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Manitoba government points to low inflation rate after fuel-tax cut

WINNIPEG — Manitoba's NDP government touted its recent fuel-tax cut as an inflation-buster Tuesday, while the Opposition Progressive Conservatives accused the government of letting costs rise elsewhere.

Premier Wab Kinew pointed to new figures from Statistics Canada, which showed Manitoba had the lowest inflation rate among the provinces in January — less than one per cent compared with the same month last year.

The province's decision to temporarily suspend its 14-cent-per-litre fuel tax contributed to the low number, Statistics Canada said. While the cost of fuel had dropped in most jurisdictions, the drop in Manitoba was twice as sharp as second-place Saskatchewan.

Kinew, whose government has taken out billboards and other advertisements to promote the tax cut, called a news conference Tuesday to highlight the numbers.

"The fact that we have lower inflation and lower gas prices than anywhere else in Canada is good news," Kinew said.

The tax cut was among the first measures the NDP enacted after winning the provincial election last Oct., as a way to help people with the rising cost of living.

The fuel tax is to be suspended until at least June 30, with a possible six-month extension that will be decided in the spring.

The move has met with some criticism.

Anti-poverty groups have said the tax cut benefits people who drive large vehicles and offers nothing to people who use other forms of transportation. Bus fares in Winnipeg went up by a dime the same day the provincial fuel tax cut started.

The Progressive Conservatives said Manitobans will be losing money on other items. They pointed to the NDP's recent decision to lift a freeze on property tax increases by school divisions as an example.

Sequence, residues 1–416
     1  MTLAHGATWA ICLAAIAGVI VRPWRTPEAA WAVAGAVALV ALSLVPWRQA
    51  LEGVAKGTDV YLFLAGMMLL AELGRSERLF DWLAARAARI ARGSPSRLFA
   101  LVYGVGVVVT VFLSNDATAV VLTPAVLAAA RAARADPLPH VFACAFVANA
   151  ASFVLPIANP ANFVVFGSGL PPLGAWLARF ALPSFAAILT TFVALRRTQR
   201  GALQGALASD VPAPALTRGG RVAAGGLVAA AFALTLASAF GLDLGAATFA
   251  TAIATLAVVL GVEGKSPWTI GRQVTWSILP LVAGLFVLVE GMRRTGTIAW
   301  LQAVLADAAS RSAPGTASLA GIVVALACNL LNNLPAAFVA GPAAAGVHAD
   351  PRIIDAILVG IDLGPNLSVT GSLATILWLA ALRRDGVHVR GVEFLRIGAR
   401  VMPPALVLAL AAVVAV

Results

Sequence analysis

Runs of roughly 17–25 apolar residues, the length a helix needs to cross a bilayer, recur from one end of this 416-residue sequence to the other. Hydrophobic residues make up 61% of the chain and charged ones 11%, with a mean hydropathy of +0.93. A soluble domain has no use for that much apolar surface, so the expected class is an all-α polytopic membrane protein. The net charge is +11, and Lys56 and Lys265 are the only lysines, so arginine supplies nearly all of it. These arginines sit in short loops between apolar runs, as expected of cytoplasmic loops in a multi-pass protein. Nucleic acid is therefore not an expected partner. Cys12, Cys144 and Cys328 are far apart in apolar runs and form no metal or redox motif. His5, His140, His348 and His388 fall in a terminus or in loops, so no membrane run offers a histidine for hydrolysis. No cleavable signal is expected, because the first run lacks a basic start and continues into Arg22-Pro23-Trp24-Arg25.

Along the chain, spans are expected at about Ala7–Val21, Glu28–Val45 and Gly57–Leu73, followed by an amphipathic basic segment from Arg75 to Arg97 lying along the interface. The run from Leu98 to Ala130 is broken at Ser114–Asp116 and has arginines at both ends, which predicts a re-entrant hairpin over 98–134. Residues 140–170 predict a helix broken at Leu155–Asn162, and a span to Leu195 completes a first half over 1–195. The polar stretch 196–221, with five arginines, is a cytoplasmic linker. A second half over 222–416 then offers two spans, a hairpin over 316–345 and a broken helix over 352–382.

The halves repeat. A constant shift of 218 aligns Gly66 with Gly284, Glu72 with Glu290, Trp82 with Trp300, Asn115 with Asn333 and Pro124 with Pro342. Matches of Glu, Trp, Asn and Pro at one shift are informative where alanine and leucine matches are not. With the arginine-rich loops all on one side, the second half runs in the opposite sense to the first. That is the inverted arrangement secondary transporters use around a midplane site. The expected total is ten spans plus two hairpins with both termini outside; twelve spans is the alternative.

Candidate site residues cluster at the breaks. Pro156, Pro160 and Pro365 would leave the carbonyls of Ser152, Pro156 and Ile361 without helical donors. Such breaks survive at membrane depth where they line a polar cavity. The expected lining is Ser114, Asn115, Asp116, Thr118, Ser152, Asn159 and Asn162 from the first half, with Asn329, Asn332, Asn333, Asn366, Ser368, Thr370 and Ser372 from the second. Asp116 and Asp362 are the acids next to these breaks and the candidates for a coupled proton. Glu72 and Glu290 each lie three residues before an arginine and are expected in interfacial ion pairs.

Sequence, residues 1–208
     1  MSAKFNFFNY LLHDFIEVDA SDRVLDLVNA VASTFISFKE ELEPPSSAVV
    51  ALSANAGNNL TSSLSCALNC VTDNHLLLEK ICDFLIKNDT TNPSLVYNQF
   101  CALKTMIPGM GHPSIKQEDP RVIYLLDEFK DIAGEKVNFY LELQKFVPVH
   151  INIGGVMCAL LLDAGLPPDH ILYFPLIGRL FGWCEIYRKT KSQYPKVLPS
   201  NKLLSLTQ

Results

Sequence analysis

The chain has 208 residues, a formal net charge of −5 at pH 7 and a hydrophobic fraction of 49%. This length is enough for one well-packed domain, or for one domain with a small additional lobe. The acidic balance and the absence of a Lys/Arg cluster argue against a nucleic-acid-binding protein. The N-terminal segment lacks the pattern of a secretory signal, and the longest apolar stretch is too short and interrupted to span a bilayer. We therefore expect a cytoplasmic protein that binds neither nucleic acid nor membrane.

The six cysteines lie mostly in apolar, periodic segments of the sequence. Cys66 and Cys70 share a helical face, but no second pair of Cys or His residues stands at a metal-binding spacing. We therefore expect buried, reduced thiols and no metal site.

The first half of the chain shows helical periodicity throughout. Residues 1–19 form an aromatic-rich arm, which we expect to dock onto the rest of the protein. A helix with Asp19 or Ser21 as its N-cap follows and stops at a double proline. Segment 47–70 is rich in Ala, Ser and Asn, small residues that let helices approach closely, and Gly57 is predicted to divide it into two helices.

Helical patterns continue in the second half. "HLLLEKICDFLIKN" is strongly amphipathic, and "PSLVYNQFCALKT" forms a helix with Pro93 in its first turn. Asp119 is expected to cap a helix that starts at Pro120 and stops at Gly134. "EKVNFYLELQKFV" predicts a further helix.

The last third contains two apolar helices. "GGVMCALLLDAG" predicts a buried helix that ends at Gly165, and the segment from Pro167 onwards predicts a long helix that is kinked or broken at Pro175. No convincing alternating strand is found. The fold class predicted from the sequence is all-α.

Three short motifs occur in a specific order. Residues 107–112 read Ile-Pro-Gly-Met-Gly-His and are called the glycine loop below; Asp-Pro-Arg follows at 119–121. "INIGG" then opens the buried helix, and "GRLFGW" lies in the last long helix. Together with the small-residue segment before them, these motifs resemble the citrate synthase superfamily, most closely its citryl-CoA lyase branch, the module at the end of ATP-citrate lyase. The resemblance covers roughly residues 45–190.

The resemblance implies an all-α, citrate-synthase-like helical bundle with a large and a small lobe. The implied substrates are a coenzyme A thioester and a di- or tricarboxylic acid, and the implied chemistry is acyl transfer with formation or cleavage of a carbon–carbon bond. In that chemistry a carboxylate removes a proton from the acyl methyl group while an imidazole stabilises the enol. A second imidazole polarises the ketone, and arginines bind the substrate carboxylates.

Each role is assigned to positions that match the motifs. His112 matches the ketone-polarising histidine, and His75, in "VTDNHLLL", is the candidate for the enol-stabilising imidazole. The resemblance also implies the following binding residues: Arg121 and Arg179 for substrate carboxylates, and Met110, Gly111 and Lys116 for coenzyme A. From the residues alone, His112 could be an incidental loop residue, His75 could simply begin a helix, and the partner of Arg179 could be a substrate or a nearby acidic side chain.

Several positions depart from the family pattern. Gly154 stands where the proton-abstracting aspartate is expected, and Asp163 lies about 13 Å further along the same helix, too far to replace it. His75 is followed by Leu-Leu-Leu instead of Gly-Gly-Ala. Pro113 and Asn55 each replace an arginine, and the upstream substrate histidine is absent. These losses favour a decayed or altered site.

"While distracting Manitobans with a small, temporary measure that will rise again in June, the NDP have allowed school taxes to go up, which will put more pressure on Manitoba families struggling to make ends meet," Tory finance critic Obby Khan said in a written statement.

The tax cut also means the province, which has run deficits in every year but two since 2009, will forgo an estimated $163 million in tax revenue over six months.

The gas-tax cut is the subject of an online opinion poll that has been circulating this week. The poll, conducted by a private firm, asks respondents whether they have seen the government advertisements and to provide their opinions on the ads.

The government was not immediately able to say whether it had commissioned the poll or to provide the cost of its advertising campaign.

Kinew said the ads are needed.

"I think when you are talking about the number 1 economic issue that Manitobans have been dealing with — high inflation — and you have a government tool that you can use to lower inflation, it's good to let Manitobans know," he said.

This report by The Canadian Press was first published Feb. 20, 2024

Steve Lambert, The Canadian Press